Two expedient state budget deals undermine their rational legitimacy.
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Many factors go into making political deals – ideology, self-interest, expediency and emotion to mention just a few.
Logic rarely enters the equation, and if it does, it usually dwells at the bottom in importance.
Two cases in point are to be found in the final deal on a $213 billion state budget that was hammered out last weekend, just a few days before the June 15 deadline, by Gov. Gavin Newsom and legislative leaders.
The first is an agreement to use money from the state’s “cap-and-trade” program of auctioning off carbon emission allowances to improve local water systems, mostly in impoverished communities. Up to a million Californians now have substandard water supplies so the goal is certainly a worthy one.
Newsom and his predecessor, Jerry Brown, wanted a tax on water to generate money for the much-needed repairs, but legislators were worried about a backlash were they to impose such a tax while the state is running up multi-billion-dollar budget surpluses.
The expedient solution was to tap the cap-and-trade fund, which is supposed to be used for projects that reduce greenhouse gases, but that has evolved – surprise, surprise – into an all-purpose political slush fund.
The rationale offered by Newsom budget adviser Vivek Viswanathan was, to put it mildly, creative.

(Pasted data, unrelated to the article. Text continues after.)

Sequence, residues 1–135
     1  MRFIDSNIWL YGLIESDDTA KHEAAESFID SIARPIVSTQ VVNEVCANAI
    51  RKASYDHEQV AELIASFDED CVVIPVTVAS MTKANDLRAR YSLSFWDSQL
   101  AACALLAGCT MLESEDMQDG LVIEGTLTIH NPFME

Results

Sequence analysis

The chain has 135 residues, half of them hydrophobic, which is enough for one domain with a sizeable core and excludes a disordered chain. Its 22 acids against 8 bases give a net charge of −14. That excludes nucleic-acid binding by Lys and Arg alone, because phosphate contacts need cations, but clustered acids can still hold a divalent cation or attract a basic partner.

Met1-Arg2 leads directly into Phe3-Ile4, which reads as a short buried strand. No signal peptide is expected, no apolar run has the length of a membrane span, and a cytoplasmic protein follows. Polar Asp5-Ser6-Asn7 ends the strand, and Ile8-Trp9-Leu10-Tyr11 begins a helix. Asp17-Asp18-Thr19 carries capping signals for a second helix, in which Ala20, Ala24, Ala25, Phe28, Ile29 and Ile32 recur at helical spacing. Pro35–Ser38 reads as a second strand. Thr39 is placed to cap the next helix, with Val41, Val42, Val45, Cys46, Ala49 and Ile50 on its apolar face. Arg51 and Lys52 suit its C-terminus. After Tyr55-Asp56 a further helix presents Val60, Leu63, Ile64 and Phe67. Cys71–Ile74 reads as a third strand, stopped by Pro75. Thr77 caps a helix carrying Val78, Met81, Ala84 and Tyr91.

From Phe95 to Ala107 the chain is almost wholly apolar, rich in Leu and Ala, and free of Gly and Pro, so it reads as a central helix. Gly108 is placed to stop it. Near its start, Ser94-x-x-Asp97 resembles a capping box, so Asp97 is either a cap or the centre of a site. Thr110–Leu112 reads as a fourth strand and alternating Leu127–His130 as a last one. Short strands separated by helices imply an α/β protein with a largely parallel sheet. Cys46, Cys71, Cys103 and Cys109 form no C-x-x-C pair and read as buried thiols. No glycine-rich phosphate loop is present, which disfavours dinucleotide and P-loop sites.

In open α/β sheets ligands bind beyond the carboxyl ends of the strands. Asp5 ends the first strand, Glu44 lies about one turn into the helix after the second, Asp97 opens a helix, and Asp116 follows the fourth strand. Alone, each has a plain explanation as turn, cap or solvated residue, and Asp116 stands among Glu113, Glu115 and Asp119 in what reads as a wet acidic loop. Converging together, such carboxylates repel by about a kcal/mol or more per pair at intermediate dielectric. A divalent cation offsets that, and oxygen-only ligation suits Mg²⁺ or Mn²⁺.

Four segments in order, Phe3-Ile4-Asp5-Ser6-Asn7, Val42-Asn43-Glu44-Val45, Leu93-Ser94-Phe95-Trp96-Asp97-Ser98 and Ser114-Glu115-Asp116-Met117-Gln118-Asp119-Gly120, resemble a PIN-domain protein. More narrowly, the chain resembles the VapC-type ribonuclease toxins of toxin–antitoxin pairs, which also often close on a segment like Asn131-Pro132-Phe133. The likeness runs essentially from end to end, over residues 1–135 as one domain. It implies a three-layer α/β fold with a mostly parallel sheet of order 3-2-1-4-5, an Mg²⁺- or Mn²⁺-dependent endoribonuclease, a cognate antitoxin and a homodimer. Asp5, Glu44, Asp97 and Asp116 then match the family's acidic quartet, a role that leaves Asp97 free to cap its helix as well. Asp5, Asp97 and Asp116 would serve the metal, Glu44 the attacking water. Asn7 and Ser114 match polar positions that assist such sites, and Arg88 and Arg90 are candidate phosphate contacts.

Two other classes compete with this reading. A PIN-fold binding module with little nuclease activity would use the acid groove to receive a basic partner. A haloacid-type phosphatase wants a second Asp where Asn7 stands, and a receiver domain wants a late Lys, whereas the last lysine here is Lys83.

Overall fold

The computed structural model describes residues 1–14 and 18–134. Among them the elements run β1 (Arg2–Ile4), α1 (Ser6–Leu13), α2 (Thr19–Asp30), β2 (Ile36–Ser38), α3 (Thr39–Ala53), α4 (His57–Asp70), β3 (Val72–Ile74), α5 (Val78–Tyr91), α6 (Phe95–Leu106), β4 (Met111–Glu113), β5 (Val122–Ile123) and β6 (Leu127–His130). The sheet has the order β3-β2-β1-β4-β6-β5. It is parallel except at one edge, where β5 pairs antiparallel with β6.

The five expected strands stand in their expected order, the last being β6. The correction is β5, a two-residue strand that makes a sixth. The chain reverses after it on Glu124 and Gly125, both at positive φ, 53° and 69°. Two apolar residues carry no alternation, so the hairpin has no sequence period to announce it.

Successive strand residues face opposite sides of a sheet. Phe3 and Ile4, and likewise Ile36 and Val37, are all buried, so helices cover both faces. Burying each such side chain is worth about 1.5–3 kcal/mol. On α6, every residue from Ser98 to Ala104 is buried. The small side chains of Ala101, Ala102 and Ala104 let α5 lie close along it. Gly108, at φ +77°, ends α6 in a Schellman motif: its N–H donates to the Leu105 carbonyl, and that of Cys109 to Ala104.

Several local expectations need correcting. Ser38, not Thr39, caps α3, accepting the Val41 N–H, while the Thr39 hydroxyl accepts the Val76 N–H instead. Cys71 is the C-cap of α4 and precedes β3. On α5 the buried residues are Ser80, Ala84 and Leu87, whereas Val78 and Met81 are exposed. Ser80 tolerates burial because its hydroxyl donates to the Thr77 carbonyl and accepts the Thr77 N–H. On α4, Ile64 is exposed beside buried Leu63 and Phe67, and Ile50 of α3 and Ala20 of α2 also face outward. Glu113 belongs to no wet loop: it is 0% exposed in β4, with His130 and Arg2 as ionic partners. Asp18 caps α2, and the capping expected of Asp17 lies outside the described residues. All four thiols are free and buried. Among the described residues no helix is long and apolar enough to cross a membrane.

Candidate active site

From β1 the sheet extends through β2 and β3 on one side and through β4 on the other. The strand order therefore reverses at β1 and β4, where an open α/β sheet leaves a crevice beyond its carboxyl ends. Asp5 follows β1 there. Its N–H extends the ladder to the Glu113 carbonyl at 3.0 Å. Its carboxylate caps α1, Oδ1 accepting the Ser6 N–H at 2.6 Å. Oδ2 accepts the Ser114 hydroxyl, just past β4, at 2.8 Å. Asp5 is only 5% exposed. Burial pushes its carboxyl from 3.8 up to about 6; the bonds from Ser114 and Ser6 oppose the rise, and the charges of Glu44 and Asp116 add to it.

“In these communities where there isn’t access to safe drinking water, you’re often bringing in bottled water, you’re trucking in water that’s safe to drink and all of these have emissions impacts,” Viswanathan said. “We believe these investments not only help those communities by giving them safe drinking water but also fulfill the goals of the cap-and-trade program.”
That very strained, and completely illogical, rationalization for political expediency further undermines the original intent of the system and further converts it into just another hidden tax on consumers. Cap-and-trade, for instance, raises gasoline prices by an estimated dime a gallon.
Example No. 2 is the decision to expand state-subsidized medical insurance, including – for the first time anywhere – to some undocumented immigrant adults.
To finance the expansion, Newsom and legislators agreed to reinstate the “individual mandate” that was part of the original Obamacare legislation but was erased by Congress and President Donald Trump two years ago.
Those who didn’t purchase health insurance in some fashion were to be fined. Newsom proposed, successfully, to reinstate the fines in California of $695 a year or 2% of income, whichever is greater.
“Without the mandate, everybody’s premiums go up,” Newsom said in proposing it, adding that Obamacare “has been vandalized” by the mandate’s removal and “We’re here to get it back on firmer footing.”
Here’s the catch: Newsom, et al, characterize the charges for non-compliance as fees, rather than taxes, thus evading the two-thirds legislative votes needed for taxes.
However, when the federal individual mandate was before the Supreme Court, it ruled 5-4 that it is a tax. As Chief Justice John Roberts put it, “The Affordable Care Act’s requirement that certain individuals pay a financial penalty for not obtaining health insurance may reasonably be characterized as a tax. Because the Constitution permits such a tax, it is not our role to forbid it, or to pass upon its wisdom or fairness.”
Logically, how can fines for failing to buy insurance be considered taxes by the U.S. Supreme Court – the only way they could be considered legal – but as fees by California’s state government?
By expediently stretching definitions to their breaking point, these two budget actions, no matter how well-intended their purposes, contribute to popular cynicism about manipulative politicians.
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